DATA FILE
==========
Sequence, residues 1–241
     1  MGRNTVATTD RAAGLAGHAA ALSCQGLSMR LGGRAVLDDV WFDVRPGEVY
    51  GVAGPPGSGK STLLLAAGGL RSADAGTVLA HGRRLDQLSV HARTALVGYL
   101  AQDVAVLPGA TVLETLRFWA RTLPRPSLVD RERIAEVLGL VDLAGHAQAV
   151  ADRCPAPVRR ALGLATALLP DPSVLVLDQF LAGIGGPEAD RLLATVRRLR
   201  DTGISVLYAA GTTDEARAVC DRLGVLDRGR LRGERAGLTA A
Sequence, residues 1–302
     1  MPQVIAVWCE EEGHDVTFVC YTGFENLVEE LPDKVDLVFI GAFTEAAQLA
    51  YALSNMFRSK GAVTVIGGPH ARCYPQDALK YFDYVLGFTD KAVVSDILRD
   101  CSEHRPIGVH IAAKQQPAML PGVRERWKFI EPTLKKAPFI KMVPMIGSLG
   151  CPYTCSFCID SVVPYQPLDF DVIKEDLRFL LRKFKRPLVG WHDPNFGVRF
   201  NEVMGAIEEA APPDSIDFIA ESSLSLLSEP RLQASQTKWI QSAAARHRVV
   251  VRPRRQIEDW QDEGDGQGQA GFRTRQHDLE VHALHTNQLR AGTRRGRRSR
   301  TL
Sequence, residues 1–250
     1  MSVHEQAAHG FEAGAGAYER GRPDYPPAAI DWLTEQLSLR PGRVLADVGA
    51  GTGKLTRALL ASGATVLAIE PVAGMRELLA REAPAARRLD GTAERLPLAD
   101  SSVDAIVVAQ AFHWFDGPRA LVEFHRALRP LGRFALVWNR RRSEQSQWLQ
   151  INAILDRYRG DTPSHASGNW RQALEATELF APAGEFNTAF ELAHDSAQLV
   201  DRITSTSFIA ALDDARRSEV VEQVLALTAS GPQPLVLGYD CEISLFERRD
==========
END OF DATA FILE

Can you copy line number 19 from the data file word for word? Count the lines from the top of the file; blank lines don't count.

   151  INAILDRYRG DTPSHASGNW RQALEATELF APAGEFNTAF ELAHDSAQLV